A year after the discovery of the grizzly sacrificial murders of
16 people in the border town of Matamoros, Mexico, just south of
Brownsville, Texas, four spring-breakers came back from Matamoros
with hair-raising stories of kidnapping, death threats, and
Mexican devil-worshippers. It sounded, at first, like deja vu,
and in the all the local papers and city councils, and, no doubt,
in the barber shops and greasy spoons in the small towns that dot
the Gulf Coast near Brownsville, people once again began worrying
that the Devil Himself was again afoot, yes, in their very own
communities, trying to gain converts from the rock concerts and
the book stores and the tatoo parlors.
In Corpus Christi, someone found sure-fire evidence of this
sentiment when police entered a home and found "Satanic symbols"
on clothing and record albums, and most damaging of all, what
appeared to be a goat's head and entrails in a garbage can. The
"Satanic symbols", unfortunately for the seekers of
sensationalism, turned out to be Harley Davison emblems--the
occupants happened to be aficionados of that brand of motorcycle-
-and the album covers were from the mass-produced and widely
distributed albums of the Grateful Dead. And that damning
evidence of rampant devil-worship, the goat remains, were only
the leftovers from a barbecue, a time-worn and greatly revered
tradition in Texas.
The terrifying tale told by the four students on spring break,
likewise, deflated like a faulty and worn-out hot air balloon,
falling to the ground in so many disreputable tatters and rags.
The conclusion to the story, once told, was demoted from the
former front page, banner headline status granted the sensational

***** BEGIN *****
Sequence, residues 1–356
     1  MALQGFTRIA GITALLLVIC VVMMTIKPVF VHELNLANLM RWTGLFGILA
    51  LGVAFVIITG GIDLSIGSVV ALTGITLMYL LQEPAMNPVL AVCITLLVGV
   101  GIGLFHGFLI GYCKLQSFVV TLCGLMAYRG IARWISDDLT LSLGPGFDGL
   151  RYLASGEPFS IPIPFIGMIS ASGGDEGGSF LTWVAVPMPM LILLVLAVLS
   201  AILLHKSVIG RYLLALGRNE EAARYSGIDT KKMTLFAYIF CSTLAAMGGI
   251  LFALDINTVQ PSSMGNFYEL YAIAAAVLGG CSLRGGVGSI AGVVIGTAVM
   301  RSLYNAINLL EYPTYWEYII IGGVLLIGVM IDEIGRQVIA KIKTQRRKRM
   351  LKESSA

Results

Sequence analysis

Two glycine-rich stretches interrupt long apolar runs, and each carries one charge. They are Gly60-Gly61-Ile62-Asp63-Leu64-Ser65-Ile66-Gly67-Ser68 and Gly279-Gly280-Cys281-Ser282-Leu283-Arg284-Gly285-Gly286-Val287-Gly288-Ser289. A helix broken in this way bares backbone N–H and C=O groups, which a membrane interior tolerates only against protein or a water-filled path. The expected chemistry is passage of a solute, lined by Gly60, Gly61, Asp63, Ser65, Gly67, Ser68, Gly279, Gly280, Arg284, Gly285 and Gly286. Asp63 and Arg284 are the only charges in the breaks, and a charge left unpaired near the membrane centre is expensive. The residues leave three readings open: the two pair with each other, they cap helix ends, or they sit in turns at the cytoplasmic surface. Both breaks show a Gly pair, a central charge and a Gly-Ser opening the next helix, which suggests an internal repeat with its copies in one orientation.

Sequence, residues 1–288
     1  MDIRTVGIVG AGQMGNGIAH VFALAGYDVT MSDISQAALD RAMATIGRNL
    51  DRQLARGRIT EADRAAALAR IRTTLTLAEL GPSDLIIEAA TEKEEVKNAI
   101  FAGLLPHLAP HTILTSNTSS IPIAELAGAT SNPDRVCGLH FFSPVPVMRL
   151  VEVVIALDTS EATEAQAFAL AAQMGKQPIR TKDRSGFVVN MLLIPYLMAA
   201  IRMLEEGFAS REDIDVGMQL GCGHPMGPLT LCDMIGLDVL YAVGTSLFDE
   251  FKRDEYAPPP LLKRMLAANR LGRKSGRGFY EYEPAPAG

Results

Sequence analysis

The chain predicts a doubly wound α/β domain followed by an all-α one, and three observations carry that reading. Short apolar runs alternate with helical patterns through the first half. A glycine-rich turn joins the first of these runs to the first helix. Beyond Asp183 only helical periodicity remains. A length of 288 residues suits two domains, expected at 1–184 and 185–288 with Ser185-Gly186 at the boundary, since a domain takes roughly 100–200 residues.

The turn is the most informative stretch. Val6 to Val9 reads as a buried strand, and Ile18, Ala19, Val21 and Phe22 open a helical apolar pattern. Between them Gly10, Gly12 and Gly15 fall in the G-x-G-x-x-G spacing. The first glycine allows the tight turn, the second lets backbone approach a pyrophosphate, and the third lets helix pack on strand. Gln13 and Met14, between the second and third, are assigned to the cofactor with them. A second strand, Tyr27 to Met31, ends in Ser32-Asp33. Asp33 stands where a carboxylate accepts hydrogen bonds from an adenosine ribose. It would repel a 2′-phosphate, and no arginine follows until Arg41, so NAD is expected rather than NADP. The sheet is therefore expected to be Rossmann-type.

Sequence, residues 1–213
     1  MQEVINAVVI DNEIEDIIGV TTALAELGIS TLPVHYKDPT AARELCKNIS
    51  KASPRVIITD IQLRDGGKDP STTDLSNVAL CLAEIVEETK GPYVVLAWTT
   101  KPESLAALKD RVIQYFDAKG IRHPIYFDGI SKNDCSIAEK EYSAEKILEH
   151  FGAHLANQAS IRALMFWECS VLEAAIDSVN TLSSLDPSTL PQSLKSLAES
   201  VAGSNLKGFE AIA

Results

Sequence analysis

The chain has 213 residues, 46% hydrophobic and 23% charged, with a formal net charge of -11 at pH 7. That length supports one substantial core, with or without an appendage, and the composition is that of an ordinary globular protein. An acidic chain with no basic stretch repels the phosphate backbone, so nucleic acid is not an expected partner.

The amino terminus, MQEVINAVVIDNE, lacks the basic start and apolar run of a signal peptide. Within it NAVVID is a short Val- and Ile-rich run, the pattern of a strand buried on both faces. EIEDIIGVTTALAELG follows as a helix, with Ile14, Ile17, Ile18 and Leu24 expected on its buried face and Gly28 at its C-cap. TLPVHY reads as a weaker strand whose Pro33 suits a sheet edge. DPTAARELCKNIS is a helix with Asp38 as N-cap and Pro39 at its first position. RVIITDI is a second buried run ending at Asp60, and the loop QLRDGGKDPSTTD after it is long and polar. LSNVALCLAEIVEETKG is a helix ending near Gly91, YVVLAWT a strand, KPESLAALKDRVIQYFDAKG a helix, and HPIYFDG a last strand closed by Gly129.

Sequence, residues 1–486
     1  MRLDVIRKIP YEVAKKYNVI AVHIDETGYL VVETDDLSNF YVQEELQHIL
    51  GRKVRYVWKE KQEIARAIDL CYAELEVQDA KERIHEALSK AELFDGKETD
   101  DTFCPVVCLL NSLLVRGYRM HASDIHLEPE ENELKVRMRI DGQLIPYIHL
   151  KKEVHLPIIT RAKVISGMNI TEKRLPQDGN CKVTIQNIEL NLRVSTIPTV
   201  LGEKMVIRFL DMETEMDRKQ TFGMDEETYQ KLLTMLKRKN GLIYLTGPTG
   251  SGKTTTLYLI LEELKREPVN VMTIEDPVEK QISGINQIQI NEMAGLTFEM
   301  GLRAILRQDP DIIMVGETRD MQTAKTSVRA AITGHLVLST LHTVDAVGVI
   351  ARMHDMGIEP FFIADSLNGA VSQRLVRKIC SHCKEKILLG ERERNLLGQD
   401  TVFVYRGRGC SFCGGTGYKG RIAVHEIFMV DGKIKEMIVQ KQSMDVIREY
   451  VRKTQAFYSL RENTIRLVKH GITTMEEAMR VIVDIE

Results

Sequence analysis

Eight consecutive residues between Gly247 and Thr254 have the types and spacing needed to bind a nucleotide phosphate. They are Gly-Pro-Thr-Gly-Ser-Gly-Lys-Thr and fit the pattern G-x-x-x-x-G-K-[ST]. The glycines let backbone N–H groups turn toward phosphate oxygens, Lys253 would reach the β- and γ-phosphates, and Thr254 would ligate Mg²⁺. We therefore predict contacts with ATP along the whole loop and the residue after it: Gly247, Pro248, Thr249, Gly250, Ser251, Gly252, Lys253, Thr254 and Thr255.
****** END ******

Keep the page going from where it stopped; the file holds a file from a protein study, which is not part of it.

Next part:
story when it broke, to a small article near the back of the
paper, wedged in between the furniture ads and news clips from
around the South Texas area. Of course, the television media
didn't cover the conclusion at all.
From the Corpus Christi Caller-Times, Friday, March 23, 1990 The
MATAMOROS, MEXICO-- Kidnapping charges against three Mexicans
were dropped Thursday after a judge ruled that the abduction
story told by four trouble-prone Oklahomans "is not believable."
The Mexicans were jailed late last week after the Oklahoma City-
area vacationers told police that the three abducted them near an
Judge Manuel Ceballos Jimenez said there were too many
contradictions in the different versions of the alleged
The Americans told police the abductions occurred late last
Thursday and early Friday in this border city full of students,
many of them drinking heavily, on spring break.
Nor did police in South Texas believe that George Marland
Crabtree, 25; his brother, Darren Crabtree, 19; Jeff Jones, 21;
and Kerry Ramsey, 19, were kidnapped. The four have since had a
string of encounters with the law north of the border.
Two days after reporting the kidnapping, the same Oklahomans were
jailed at South Padre Island and paid a total of more than $500
in fines for public intoxication, disorderly conduct, and
damaging someone's car with a tire tool.
Then on Tuesday, the same four told police in South Padre Island
that 1,000 men tried to sexually molest Kerry Ramsey on the
beach, police said.
Sgt. Homer Gonzalez with the Island police department said an
investigation showed that she was not molested, but that she had
removed her swimsuit and was dancing naked on the beach.